Media Moves and News

Poets & Quants and the growth of biz school coverage

December 8, 2016

Posted by Chris Roush

John Byrne
John Byrne

John Byrne, the editor in chief of business school news site Poets & Quants, has the distinction of creating the first business school ranking back in 1988 for Businessweek.

Business school rankings have since become a cottage industry for business news media, with lists being pumped out on a regular basis by Forbes, U.S. News, The Financial Times and The Economist, not to mention others.

On Monday, for the first time since he created the rankings at Businessweek, Byrne created and published a new in-house, proprietary ranking of undergraduate business programs.

The only competitor in this area would be U.S. News. Bloomberg Businessweek abandoned its undergrad biz ranking this year.

Poets & Quants is now up to 10 full-time employees, all with full health and other benefits, and the company is a multi-million-dollar, full-service digital media company with five websites, five conferences, digital magazines, digital weekly newsletters, a weekly podcast, and video.

It’s taking yet another big step in the development of its business on Jan. 1 when it moves all sales inside the company. Until then, educational sales have been handled by an outside agency.

Byrne is one of the few “old media” journalists to start a business in the digital age without funding of any kind and without having to give up a percentage of ownership of his company to anyone.

Byrne spoke by email with Talking Biz News about the evolution of his company. What follows is an edited transcript.

Why did you decide to create your own rankings for undergrad biz programs?

Interestingly enough, it all goes back to Businessweek. When I returned to BW as executive editor in 2005 after a stint with Fast Company magazine, I brought together the business school team and asked them to create a ranking for undergraduate business programs. This was a far larger market than the MBA field. It was the most popular undergraduate major then and now, with one in five undergrad students specializing in business.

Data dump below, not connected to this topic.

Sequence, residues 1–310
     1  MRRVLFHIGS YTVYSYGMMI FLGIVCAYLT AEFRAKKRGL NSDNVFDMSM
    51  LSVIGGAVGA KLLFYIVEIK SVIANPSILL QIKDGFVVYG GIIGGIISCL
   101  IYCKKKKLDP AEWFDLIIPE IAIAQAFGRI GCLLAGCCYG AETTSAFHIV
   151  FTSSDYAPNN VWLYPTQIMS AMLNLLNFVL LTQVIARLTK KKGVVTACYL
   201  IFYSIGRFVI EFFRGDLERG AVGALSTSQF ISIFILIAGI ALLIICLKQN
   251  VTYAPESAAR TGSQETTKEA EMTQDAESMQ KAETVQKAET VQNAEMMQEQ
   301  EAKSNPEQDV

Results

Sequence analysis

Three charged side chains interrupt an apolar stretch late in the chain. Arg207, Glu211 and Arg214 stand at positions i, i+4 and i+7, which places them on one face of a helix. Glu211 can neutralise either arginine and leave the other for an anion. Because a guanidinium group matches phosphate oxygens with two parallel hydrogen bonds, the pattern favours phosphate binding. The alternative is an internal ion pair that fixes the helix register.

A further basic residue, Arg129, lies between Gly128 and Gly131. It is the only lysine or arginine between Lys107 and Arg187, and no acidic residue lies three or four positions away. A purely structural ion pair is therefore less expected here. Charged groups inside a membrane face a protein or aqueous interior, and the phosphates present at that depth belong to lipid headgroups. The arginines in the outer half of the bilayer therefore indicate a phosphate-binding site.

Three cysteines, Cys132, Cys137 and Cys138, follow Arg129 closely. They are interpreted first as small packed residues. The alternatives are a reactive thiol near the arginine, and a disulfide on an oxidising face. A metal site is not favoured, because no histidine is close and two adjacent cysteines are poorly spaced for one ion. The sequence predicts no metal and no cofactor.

Though high school students were not Businessweek readers, their parents certainly were and mom and dad were increasingly getting involved in college decisions mainly because they bankrolled them. So Businessweek started ranking undergrad programs. T

This year, Bloomberg Businessweek decided to discontinue the undergraduate ranking, but not before releasing a final ranking with a new methodology that had many school administrators disappointed and angry. The ranking largely focused on employment outcomes, with little to no examination of the academic experience or the quality of incoming students. A couple of undergraduate deans contacted me and asked us to do a new ranking. I immediately thought it was a great idea. The only competitor is U.S. News and they are doing a bad job of it.

How does your ranking differ from the US News & World Report rankings?

U.S. News solely ranks on the basis of an annual survey of deans and senior faculty members. The ranking is more of a popularity contest than it is a meaningful measure of the quality of a school or undergraduate program. It’s a sideshow to U.S. News’ overall college and university rankings. They collect no data specific to undergraduate business programs, and the results are laughable.

First off, deans and senior faculty members hardly know what goes on in their own schools. They certainly aren’t in a position to assess the quality of a large number of other programs. Secondly, the deans and senior faculty are generally known to default to U.S. News’ own list, reinforcing little more than antiquated perceptions of their rivals.

We essentially believe there are three critical components of an undergraduate experience, none of which can be accurately assessed by deans from other schools. The three follow a natural educational chronology: You have admissions standards that determine the quality of the incoming raw talent. We are measuring that by average SAT scores for the incoming class, the acceptance rate for the program, and the percentage of incoming students who were in the top 10% of their high school class.

Then, you have the overall quality of the academic and student experience. We get a sense of that from a survey to alumni who have been in the work world for two years and are now in a good place to determine whether they education they received was solid prep for the world of work. Among 12 core questions, we ask about the quality of teaching, academic and career advising, the accessibility of professors outside of class, whether they believe the cost of their education was worth it and whether they would recommend the program to a close friend.